What is a Main Drain?

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Your main drain is an integral plumbing system that removed all the waste water from your home. In essence all the drain pipes in a home connect below the house with the main drain, which then transports waste water into a septic tank or public sewer lines. As would be expected municipal codes are the determining factor when it comes to the distinct size of a main drain. For residential properties these pipe systems are usually required to be 4” in inside diameter. Additionally, local codes also specify the exact type pipe material used. However, the most common materials utilized include vitrified clay, plastic, cast iron, or even bitumized fiber. To prevent contamination, the main drain is usually located 10 feet away from the water supply line or 12” beneath it, if they happen to be in the same trench. The depth of such trenches is largely dependent on the climate of the given area as well as the exact location of the septic tank or public sewer lines.

To begin with a building’s plumbing system, for the most part, comprises of 4 main components.

What is the purpose of a main drain?

A main drain is an extremely important component of any residential plumbing system as it permits the effectual and safe removal of waste water from a home. This goes a long way in preventing the cropping up of serious health hazards as well as safeguarding the structural integrity of a house’s foundation.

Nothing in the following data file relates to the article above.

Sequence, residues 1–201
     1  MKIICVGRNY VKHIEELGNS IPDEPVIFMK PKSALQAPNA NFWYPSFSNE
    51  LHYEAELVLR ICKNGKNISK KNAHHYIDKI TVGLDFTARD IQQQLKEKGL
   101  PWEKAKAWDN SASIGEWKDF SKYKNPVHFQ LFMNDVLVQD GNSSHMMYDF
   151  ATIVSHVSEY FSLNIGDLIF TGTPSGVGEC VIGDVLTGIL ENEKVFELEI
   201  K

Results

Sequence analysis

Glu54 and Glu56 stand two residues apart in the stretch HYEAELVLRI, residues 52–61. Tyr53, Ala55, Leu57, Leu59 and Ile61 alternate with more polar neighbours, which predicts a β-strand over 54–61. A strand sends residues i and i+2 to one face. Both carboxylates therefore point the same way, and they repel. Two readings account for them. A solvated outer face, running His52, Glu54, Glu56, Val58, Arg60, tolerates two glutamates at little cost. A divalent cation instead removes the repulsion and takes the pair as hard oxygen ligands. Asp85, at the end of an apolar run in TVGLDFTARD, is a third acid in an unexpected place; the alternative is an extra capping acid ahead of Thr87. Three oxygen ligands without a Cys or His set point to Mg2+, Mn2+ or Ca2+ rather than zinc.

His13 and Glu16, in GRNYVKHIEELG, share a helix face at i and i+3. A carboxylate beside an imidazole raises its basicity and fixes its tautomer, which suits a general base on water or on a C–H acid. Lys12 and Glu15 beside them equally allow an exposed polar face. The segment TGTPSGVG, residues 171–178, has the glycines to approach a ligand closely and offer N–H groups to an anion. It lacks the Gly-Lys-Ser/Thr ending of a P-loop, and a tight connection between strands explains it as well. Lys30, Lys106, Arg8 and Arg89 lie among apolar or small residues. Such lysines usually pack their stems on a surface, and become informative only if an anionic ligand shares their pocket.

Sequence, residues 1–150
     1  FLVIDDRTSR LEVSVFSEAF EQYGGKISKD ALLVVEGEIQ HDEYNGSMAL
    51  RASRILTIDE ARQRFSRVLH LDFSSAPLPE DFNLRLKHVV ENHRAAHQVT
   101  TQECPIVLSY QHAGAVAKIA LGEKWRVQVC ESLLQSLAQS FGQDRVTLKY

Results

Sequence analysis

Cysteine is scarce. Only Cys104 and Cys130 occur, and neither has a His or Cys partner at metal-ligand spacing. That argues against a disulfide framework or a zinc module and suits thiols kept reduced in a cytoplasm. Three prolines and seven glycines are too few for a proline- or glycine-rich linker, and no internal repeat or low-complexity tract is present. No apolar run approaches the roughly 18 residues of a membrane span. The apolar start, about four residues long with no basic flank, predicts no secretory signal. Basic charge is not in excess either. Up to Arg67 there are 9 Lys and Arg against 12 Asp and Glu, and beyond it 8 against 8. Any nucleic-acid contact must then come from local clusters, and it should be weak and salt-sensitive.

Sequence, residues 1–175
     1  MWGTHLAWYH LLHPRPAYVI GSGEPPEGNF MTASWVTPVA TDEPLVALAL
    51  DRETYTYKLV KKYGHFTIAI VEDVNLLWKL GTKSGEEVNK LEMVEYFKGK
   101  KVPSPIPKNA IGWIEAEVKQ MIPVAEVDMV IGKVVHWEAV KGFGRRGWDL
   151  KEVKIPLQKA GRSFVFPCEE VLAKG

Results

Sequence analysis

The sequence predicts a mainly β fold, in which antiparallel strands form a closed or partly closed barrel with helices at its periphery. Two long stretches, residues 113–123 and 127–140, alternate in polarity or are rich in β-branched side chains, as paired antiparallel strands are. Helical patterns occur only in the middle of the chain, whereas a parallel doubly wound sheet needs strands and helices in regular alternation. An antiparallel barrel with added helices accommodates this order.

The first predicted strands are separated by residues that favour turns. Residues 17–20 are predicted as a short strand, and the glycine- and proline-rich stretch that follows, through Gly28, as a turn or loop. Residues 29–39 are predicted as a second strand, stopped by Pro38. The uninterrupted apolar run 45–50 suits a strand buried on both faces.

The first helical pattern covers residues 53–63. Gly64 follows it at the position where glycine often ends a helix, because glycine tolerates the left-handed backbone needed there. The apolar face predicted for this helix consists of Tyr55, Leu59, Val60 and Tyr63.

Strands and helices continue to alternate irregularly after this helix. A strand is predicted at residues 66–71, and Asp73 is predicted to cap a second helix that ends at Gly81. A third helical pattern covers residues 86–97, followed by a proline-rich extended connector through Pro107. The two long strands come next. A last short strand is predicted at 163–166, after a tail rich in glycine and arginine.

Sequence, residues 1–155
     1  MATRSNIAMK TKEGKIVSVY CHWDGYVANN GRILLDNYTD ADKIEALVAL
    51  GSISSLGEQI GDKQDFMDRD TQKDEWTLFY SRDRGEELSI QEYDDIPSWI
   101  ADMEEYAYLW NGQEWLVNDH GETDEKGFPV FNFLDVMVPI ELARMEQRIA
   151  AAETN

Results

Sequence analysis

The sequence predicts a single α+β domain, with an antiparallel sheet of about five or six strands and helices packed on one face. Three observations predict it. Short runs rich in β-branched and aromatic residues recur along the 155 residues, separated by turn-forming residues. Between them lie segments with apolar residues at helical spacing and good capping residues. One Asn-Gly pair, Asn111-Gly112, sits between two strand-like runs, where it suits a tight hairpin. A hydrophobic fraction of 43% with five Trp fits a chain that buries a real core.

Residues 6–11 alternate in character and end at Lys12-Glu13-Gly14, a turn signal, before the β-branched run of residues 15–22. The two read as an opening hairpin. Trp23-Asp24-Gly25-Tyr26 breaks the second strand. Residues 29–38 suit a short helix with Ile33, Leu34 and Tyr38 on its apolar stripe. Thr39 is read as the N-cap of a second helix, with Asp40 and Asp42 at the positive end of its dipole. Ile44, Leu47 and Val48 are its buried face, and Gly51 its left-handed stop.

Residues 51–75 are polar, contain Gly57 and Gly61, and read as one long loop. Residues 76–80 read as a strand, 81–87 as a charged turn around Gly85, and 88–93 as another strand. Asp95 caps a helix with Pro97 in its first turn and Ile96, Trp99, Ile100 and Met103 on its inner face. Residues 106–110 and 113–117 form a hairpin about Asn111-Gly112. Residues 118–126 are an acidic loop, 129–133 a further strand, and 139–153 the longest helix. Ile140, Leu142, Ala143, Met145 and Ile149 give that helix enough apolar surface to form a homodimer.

How does a residential main drain work?

Each and every single plumbing fixture in a home has its own drain line that ultimately connects to the main drain. This has the task of transporting waste water to the septic tank or public sewer line. The main drain normally includes 2 components, which are the trap and vent.

The trap functions as an effective barrier that prevents waste water from finding its way back to the building. This fixture necessitates airtight and watertight connections utilizing a nut and ferrule. The main drain also features a network of vents (ventilation pipes) that ultimately protrude out of a home’s roof. The main purpose is to eliminate gaseous outflows from the sewer line that can drift out of the main drain into the living quarters. As a rule, main drains are installed adhering to a sloping angling criteria, which is known as the pitch, to facilitate for easy and steady waste water flow utilizing gravity. Ideally, this is usually a drop of ¼ inch per foot of the main drain.

Conclusion

It is thus self evident just how critical a main drain is to any household in the elimination of waste water and other filth. For this reason, it is highly recommended that homeowners take the time and resources to schedule regular maintenance on this plumbing system..

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Gail